Double the trouble from the new Starsky and Hutch

CHARLOTTE O'SULLIVAN has a tetchy meeting with Ben Stiller and Owen Wilson, stars of the new 'Starsky & Hutch' film


The PRs are flapping. We're waiting for Ben Stiller and Owen Wilson - promoting their surprisingly sweet spoof/homage to the 70s TV cop show, Starsky & Hutch. The pair have flown in from Germany and, along with running a little late, have phoned ahead to say they want the windows in the hotel room opened and the heating turned off.

Wilson, it transpires, is "worried about staying awake". Tension also surrounds the food. It's imperative the hot meals be ready in time (vegetables and Dover sole). The men finally arrive in the building, and an underling goes to greet them. A few seconds later she's back, muttering: "He's in a really bad mood."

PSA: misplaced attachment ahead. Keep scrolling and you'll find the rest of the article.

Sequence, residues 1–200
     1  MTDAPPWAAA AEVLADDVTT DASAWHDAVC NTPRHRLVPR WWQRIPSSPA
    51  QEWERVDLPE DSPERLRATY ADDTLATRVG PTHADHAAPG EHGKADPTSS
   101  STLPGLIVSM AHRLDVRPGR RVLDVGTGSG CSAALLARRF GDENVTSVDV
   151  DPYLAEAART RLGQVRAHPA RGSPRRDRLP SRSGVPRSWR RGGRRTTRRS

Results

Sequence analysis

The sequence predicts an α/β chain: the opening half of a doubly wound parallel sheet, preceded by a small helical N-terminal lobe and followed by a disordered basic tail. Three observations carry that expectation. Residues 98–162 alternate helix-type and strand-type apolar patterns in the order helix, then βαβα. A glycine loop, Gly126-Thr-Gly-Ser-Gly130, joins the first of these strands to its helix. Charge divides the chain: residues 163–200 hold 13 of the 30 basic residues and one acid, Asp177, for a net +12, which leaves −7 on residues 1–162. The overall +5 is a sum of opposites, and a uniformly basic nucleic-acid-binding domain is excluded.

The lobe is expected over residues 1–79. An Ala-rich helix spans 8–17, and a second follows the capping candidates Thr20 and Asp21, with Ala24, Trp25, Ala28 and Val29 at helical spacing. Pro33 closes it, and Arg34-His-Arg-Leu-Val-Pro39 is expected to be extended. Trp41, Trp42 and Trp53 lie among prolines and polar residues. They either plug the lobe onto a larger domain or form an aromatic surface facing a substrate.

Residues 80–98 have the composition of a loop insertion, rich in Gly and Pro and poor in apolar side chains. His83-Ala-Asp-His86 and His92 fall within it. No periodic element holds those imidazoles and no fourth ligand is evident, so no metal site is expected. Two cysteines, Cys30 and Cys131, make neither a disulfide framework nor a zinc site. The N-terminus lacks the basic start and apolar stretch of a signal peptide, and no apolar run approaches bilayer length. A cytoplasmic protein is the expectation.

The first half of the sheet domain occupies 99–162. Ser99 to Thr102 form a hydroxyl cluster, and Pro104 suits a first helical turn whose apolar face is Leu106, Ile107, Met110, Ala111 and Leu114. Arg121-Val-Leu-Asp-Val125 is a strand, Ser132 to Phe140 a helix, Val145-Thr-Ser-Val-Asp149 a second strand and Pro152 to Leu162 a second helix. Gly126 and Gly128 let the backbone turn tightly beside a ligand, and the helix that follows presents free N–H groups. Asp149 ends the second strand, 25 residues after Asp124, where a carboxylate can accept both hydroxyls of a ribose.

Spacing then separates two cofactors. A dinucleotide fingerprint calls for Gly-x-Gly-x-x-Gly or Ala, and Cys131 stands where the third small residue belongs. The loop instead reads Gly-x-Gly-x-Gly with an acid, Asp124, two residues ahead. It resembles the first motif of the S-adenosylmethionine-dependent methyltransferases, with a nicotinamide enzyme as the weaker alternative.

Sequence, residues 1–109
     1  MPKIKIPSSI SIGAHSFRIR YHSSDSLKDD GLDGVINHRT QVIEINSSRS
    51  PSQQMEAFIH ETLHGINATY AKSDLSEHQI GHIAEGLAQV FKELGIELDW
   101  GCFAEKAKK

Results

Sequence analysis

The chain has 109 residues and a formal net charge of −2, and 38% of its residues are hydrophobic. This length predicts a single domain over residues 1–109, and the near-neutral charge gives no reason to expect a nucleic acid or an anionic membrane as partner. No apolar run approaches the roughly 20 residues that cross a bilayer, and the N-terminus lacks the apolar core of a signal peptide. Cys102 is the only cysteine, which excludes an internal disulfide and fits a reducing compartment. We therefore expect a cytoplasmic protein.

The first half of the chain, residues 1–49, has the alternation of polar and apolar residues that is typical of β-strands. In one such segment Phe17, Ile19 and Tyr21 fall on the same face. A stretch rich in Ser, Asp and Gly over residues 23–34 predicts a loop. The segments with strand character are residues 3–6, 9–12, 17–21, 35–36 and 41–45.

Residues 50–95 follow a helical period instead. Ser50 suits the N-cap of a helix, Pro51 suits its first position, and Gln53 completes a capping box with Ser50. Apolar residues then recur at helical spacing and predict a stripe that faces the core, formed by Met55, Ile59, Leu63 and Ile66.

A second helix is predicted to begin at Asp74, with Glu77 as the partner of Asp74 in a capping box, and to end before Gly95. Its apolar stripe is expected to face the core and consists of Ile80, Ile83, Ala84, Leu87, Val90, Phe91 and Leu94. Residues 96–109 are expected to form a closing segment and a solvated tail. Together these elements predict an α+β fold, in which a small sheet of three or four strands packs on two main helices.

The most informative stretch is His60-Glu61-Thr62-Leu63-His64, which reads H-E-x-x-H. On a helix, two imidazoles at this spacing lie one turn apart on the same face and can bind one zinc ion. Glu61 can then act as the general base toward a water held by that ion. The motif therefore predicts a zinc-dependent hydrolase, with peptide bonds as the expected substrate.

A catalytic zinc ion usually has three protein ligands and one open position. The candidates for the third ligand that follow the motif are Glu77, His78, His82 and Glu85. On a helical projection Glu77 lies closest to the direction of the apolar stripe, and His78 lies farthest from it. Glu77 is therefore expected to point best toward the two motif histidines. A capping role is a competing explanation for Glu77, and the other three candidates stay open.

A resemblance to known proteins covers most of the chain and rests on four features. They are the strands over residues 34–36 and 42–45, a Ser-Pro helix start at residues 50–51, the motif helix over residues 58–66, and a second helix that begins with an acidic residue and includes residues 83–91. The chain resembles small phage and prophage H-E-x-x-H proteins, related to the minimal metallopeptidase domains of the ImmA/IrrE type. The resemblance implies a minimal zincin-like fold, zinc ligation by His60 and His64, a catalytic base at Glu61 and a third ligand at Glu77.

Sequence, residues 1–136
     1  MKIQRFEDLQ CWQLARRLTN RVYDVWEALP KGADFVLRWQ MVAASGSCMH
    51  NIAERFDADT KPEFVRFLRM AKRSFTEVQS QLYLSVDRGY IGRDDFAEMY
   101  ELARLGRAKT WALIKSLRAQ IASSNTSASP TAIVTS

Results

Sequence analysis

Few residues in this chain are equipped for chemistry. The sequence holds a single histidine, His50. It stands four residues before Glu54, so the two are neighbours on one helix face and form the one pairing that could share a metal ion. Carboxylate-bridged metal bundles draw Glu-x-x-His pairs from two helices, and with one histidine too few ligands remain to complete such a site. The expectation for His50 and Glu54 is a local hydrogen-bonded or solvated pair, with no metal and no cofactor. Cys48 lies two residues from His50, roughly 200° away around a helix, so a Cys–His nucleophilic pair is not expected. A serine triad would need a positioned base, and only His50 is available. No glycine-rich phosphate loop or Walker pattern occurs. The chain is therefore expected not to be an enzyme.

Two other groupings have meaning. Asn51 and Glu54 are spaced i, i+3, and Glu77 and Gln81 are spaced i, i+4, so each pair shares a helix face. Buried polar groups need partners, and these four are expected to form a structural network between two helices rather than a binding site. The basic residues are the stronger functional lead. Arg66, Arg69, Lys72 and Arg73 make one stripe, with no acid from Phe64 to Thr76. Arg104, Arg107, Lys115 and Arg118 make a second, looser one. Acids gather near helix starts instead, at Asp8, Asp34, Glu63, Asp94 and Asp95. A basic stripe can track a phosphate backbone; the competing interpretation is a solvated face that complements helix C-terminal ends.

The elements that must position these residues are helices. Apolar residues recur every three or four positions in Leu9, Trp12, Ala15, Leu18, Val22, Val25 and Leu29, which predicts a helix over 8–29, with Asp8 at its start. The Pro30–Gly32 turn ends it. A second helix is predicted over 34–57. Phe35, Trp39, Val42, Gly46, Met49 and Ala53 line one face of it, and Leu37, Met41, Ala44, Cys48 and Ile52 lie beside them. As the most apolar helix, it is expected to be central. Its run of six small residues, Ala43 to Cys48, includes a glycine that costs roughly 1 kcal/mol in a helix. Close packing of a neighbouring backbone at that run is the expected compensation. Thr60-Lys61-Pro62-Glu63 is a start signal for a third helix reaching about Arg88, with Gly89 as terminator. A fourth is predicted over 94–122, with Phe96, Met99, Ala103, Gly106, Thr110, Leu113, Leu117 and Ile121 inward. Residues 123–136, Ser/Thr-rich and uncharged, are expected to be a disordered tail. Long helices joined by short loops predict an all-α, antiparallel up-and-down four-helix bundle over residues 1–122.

I step into the by now freezing interview room. New Yorker Stiller (38, greying at the sides, taller and more imposing than he looks on screen) comes bounding in and heads straight for the soft drinks. Dallas-born Wilson (35, slighter and less imposing, with a sports cap crushing his blond hair) sidles on to the far end of the couch. In the manner of one hangover sufferer to another, he mouths: "How are you?"

Stiller wants to know if there's ice for his cola. The PR struggles with the tongs and Stiller snaps: "I'll do that," digging his hand into the ice box. I'm guessing he's the one in the mood, but the next minute he has fixed me with a big, friendly, curious stare, so maybe everyone's happy and we're all going to get along.

Things begin promisingly.